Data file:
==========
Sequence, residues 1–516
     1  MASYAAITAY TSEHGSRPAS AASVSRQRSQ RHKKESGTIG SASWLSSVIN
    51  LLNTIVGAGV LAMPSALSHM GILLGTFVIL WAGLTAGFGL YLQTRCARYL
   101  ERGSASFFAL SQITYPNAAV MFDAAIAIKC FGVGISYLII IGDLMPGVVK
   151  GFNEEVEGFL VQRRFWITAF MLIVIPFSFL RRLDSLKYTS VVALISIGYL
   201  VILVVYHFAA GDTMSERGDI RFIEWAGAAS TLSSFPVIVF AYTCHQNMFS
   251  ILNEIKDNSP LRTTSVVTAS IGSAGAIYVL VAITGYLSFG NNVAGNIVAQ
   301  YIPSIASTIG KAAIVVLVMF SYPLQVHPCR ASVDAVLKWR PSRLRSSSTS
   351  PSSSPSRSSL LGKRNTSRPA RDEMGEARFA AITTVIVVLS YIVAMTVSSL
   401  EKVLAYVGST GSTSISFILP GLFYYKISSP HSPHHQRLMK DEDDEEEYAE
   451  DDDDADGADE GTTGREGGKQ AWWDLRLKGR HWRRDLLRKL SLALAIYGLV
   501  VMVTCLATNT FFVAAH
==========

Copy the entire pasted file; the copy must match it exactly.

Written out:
Sequence, residues 1–516
     1  MASYAAITAY TSEHGSRPAS AASVSRQRSQ RHKKESGTIG SASWLSSVIN
    51  LLNTIVGAGV LAMPSALSHM GILLGTFVIL WAGLTAGFGL YLQTRCARYL
   101  ERGSASFFAL SQITYPNAAV MFDAAIAIKC FGVGISYLII IGDLMPGVVK
   151  GFNEEVEGFL VQRRFWITAF MLIVIPFSFL RRLDSLKYTS VVALISIGYL
   201  VILVVYHFAA GDTMSERGDI RFIEWAGAAS TLSSFPVIVF AYTCHQNMFS
   251  ILNEIKDNSP LRTTSVVTAS IGSAGAIYVL VAITGYLSFG NNVAGNIVAQ
   301  YIPSIASTIG KAAIVVLVMF SYPLQVHPCR ASVDAVLKWR PSRLRSSSTS
   351  PSSSPSRSSL LGKRNTSRPA RDEMGEARFA AITTVIVVLS YIVAMTVSSL
   401  EKVLAYVGST GSTSISFILP GLFYYKISSP HSPHHQRLMK DEDDEEEYAE
   451  DDDDADGADE GTTGREGGKQ AWWDLRLKGR HWRRDLLRKL SLALAIYGLV
   501  VMVTCLATNT FFVAAH